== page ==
Kogin embroidery is a type of sashiko stitching that uses short horizontal running stitches to create beautiful geometric patterns. Stitched kogin pieces can be made into coasters, bags, table mats, buttons, and more.
Kogin is a relaxing form of embroidery that is perfect for meditative stitching. With a range of fabric and threads to choose from, along with various patterns and designs, kogin is a traditional handcraft full of modern possibilities!
Read on to learn how to do kogin stitching yourself.
What is kogin embroidery?
Kogin is a form of sashiko stitching, and like other types of sashiko, it was traditionally used to add bulk and warmth to clothing while still being decorative. What sets kogin apart from other forms of sashiko is that it is a counted thread technique. That is say, kogin stitches are made on evenly woven fabric by passing the stitch over a certain number of threads in the fabric. A chart shows you were to place your stitches to make the pattern. In this way it is similar to counted cross stitch.
A kogin pattern is worked back and forth in rows. The basic stitch is a running stitch, but unlike other forms of sashiko where the stitch length is uniform, in kogin the stitch length varies.
Kogin patterns are diverse and highly adaptable. You will find some designs that are continuous patterns repeated over a large area, and others that are comprised of a single or multiple discrete motifs. Still others are a combination of repeats and individual motifs.
Kogin was traditionally stitched on indigo fabric with white cotton thread, but today you can find kits and patterns that use linen or other evenweaves with threads in all sorts of modern colors.
Materials for kogin
At Stitched Modern, we have a large selection of kogin kits that come with everything you need to start stitching, but if you prefer to put together your own materials, here is what you need.
Kogin is stitched on evenweave fabric made from either cotton or linen. Similar to Aida or linen used for cross stitch, kogin fabric has an open weave with easy to see holes. The fabric count is generally 18 to 20 holes per inch.
Aida and cross stitch linen of similar count can also be used for kogin.
Kogin is traditionally stitched with 100% cotton kogin thread. It is a divisible thread, meaning you can separate it into individual strands depending on the particular bulk you need for the fabric you are using.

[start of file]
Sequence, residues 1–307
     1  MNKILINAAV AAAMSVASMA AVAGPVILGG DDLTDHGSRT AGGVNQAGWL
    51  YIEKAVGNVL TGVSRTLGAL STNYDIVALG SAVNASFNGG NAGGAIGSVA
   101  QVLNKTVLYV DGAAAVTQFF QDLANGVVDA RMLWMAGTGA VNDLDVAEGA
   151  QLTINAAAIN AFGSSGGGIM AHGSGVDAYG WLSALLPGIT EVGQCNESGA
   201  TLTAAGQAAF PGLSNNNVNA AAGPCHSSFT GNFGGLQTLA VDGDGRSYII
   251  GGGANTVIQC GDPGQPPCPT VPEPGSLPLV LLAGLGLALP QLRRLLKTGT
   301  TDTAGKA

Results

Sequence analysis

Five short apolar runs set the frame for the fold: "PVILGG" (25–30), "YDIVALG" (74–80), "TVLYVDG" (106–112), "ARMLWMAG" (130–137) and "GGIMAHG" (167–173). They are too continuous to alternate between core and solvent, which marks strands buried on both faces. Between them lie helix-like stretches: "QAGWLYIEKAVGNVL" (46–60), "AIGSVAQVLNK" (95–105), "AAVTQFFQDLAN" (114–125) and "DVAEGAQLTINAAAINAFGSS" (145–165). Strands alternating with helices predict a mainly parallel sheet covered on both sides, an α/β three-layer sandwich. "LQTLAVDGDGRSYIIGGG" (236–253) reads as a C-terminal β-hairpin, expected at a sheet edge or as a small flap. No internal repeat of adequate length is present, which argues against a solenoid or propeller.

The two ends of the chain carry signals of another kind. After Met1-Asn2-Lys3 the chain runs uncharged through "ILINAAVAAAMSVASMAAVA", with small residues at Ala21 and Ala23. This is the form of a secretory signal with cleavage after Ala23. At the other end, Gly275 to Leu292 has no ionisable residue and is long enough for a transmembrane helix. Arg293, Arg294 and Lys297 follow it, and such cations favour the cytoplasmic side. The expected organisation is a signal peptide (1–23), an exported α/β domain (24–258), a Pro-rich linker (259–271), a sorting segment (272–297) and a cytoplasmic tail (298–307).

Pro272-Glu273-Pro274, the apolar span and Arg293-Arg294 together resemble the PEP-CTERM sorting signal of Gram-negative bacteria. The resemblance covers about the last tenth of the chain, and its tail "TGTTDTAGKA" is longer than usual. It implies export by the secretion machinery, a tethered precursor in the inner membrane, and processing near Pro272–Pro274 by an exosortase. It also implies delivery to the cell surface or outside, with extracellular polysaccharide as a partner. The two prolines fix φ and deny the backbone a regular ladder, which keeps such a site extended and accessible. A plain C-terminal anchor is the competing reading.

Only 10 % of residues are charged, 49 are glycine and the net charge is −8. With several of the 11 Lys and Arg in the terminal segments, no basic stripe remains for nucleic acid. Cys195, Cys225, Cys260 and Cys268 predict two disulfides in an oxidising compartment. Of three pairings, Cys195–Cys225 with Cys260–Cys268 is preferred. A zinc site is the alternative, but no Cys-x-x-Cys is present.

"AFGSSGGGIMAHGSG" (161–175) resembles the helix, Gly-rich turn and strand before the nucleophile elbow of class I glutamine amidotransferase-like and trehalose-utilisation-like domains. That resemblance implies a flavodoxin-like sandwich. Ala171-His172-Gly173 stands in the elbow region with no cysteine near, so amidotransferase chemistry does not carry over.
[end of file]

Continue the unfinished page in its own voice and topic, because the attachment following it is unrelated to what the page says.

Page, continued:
Embroidery floss can be used instead, although it has more sheen than the matte kogin thread so the end result will look a bit different. Sashiko thread can also be used, but it is a bit thinner than kogin thread and cannot be divided.
Tip: You can store skeins of kogin thread in braids just like sashiko thread to keep it from tangling. Here's how.
Kogin needles have a blunt end just like tapestry needles for cross stitch. Since you are stitching into fabric that already has holes, you do not need a sharp needle, and a blunt needle will help you to avoid piercing the fabric threads or other stitches.
Where kogin needles differ from tapestry needles is their length. Kogin needles are long like sashiko needles to allow you to work multiple stitches in a single pass.
Do I need an embroidery hoop?
Kogin is generally stitched in-hand, so you do not need a hoop or frame.
How to read a kogin chart
Kogin patterns are represented by a chart (also called a graph), similar to the ones used for counted cross stitch. The grid on the graph represents the woven threads of your fabric. The pattern drawn on the grid represents the stitches you will make.
Arrows at the edges of the chart show you where the center points are (just like on a cross stitch chart). This is important because you will start stitching at the center of the pattern. Some designers put a dot at the exact point you should start stitching.
Preparing your fabric
Because it is a woven fabric, kogin linen and cotton can unravel when you stitch. Particularly when working on larger pieces, it can be a good idea to bind your edges before starting. See our post on how to prepare the edges of fabric for suggestions on how to do this.